“In France, I’m an auteur; in Germany, a filmmaker; in Britain; a genre film director; and, in the USA, a bum.”
Somewhere in between the prolific function-over-form output of b-movie legend Roger Corman and the carefully considered, macabre artistry of David Lynch, lies the work of John Carpenter.
During his forty-plus years in movie-making, Carpenter has written and/or directed over twenty five films, from genre-defining sensations (Halloween) to critical and financial bellyflops (Ghosts of Mars).
He has composed and performed almost all of the scores for his films, which is itself a unique distinction. In addition to that, he has also produced, edited, and even made Hitchcock-like cameos in several of his films. Pretty much the only job he hasn’t done on a movie set is craft service.
So what lessons has Carpenter learned living half a life in the lion’s den of Hollywood? What mantra has earned him longevity in a town where so many others either burn out or fade away? “Get away with what you can, adapt to what you can’t.”
What Carpenter has gotten away with: Wearing every hat on a film set. Sneaking Watergate-inspired government distrust into shoot ‘em up action films (Escape From New York, Escape From LA) and Orwellian overtures into alien invasion flicks (They Live). Creating characters that are as memorable for the volume of their personality (“Snake” Plissken, Jack Burton) as for their lack thereof (Michael Myers). Passing on blockbusters (Top Gun, Fatal Attraction). Casting virtual unknowns in lead roles (Kurt Russell, Jamie Lee Curtis) and launching their careers.
He’s had his rock band do the theme song for one of his films (Big Trouble in Little China) and his name in front of every title of almost every movie he’s made. Carpenter has played the part of both director Sergio Leone and composer Ennio Morricone in the production of the spaghetti western that is his life. He’s even made a TV movie about Elvis.
What Carpenter has had to adapt to: The early death of his dreams of rock ‘n’ roll stardom, followed closely by the death of his ideals about film-making stardom. The clinging stench of box office failure. Being pushed out of the ground-breaking franchise he helped create because he ‘didn’t want to direct the same movie again’ (Halloween). Never getting a real western made in Hollywood despite it being one of his career-long ambitions. Being dubbed – for better or worse – “The Master of Horror”.
Above all, Carpenter has had to adapt to a mercurial career path dictated by the bottom-line. Then and now, remakes of his older films have multiplied like bunnies while his newer efforts have been panned or ignored.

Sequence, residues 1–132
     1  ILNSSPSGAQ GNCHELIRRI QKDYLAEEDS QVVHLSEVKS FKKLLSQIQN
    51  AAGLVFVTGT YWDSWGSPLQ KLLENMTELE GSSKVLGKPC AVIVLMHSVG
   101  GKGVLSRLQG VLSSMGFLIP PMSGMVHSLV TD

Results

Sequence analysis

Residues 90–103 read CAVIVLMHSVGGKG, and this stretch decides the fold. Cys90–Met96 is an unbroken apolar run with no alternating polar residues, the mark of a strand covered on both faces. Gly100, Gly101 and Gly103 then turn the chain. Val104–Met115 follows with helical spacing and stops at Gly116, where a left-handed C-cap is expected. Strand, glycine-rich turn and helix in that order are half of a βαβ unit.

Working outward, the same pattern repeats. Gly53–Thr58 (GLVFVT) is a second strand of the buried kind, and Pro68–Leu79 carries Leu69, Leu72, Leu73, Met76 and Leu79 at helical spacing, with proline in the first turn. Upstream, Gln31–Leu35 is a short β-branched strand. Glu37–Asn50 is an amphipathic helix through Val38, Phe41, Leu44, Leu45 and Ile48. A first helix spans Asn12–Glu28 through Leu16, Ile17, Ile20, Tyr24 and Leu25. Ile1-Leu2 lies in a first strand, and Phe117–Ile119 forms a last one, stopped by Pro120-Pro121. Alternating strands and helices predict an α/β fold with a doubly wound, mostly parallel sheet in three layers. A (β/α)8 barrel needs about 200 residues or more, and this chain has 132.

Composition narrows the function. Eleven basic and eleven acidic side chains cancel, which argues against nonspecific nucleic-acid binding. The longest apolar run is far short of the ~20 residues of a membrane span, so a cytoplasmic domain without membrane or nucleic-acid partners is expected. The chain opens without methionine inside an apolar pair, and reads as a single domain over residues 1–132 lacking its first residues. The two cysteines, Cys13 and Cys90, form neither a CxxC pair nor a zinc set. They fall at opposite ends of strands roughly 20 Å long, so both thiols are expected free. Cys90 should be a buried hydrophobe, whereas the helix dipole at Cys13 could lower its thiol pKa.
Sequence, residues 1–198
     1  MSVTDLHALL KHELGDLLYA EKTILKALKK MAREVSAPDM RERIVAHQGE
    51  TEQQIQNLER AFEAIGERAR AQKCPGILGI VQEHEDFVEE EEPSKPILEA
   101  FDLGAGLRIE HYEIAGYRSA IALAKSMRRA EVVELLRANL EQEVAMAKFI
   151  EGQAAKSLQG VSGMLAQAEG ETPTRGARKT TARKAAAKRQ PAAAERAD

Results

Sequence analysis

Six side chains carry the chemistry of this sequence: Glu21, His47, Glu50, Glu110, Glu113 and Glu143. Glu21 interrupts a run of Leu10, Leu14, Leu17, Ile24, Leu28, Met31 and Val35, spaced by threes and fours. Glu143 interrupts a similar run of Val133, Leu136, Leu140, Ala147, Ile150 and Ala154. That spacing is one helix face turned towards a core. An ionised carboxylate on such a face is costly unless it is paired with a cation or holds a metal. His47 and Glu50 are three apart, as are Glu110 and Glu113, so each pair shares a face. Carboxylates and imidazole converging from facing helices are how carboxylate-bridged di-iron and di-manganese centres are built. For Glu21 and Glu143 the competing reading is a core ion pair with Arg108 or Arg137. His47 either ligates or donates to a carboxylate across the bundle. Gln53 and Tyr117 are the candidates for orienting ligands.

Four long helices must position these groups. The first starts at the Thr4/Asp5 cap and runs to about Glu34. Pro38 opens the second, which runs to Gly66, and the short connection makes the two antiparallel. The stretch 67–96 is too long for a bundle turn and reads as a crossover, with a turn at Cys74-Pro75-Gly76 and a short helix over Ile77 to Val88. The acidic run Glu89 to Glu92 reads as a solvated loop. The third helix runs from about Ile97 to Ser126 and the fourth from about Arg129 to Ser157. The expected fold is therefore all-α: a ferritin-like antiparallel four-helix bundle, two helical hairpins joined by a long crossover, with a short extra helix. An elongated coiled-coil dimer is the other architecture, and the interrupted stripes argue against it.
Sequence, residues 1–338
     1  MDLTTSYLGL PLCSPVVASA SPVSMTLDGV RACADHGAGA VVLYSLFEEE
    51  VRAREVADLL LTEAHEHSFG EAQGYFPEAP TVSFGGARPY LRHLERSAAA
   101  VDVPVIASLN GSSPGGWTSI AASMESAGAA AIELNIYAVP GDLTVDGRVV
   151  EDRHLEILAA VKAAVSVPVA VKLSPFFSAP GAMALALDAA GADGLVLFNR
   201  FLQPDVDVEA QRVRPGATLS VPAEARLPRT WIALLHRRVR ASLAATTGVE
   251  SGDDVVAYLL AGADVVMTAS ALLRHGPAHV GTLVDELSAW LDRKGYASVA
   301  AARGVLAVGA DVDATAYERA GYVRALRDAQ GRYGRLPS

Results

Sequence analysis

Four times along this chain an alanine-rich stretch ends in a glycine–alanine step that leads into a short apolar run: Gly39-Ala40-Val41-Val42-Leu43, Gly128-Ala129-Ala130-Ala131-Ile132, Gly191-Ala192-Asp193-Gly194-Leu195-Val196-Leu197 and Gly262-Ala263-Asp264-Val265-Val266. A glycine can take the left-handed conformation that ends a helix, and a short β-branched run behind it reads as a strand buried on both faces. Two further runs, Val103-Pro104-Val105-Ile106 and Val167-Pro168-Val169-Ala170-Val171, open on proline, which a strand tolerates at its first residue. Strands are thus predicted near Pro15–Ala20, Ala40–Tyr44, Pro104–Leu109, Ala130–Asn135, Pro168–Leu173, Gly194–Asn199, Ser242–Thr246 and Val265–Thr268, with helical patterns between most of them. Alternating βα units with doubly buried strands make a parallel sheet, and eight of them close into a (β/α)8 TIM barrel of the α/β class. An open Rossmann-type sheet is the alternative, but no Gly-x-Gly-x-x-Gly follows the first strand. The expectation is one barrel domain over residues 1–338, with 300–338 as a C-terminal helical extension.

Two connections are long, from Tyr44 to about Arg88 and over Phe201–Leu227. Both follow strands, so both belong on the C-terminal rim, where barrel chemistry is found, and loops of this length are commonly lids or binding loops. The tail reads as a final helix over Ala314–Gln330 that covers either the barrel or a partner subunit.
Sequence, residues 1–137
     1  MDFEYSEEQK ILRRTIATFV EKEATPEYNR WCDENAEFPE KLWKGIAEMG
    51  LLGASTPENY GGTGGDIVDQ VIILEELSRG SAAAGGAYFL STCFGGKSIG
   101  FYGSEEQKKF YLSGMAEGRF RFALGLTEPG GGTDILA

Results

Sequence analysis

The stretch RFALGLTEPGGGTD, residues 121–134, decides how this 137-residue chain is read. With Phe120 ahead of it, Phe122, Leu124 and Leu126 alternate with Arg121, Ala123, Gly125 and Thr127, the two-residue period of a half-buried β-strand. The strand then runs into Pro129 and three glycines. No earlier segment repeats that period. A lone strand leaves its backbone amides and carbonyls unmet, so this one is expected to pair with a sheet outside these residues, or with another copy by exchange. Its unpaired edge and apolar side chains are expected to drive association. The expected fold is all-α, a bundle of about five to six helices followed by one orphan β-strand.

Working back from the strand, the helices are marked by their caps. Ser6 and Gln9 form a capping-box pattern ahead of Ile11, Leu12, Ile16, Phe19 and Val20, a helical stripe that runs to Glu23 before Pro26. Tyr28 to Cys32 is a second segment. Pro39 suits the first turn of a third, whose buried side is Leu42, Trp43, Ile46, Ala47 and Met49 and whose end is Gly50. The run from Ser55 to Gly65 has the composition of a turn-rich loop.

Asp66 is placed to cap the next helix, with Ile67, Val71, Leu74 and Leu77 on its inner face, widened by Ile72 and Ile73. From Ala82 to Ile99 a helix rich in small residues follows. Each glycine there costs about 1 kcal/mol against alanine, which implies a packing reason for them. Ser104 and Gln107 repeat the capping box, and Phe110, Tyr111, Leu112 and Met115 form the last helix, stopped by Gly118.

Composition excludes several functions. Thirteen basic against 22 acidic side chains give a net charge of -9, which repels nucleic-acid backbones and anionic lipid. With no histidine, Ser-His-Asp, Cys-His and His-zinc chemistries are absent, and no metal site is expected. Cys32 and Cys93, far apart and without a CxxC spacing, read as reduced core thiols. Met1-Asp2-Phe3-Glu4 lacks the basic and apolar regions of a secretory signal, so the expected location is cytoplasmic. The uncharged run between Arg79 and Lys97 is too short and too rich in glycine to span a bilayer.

While Carpenter sees most of his career as a film about Sisyphus with him in the starring role, the word “regret” isn’t in his vocabulary.
Cowboys and Aliens
“I’m a reasonable guy but I’ve just experienced some very unreasonable things.”
-Jack Burton, Big Trouble in Little China
Carpenter may never have gotten to make his western, but it’s a story he’s told over and over again in his films in different ways: A gritty stranger comes to town to battle a seemingly unstoppable evil, and to do it his way or the high way.
The Carpenter cowboy is more anti-hero than hero; less stoic John Wayne and more his smartass kid brother. He’s just street-wise enough to occasionally seem brilliant, and just naive enough to not know his limitations. He’s grounded in realism and self-interest, but takes the sudden appearance of the supernatural completely in stride. In short, he gets away with what he can and adapts to what he can’t.
It’s no accident that these characters reflect how Carpenter sees himself: As a cowboy miscreant and a lucky fool with occasional flashes of brilliance. As a green kid from Kentucky naïve enough to think he could make movies in Hollywood; naïve enough to think he could walk from LAX to the USC campus when he first arrived, and naïve enough to think he would be part of the 1% of successful filmmakers his instructor suggested his class would produce.
Film-making Was His Second Choice
“Movies are pieces of film stuck together in a certain rhythm, an absolute beat, like a musical composition. The rhythm you create affects the audience.”
– John Carpenter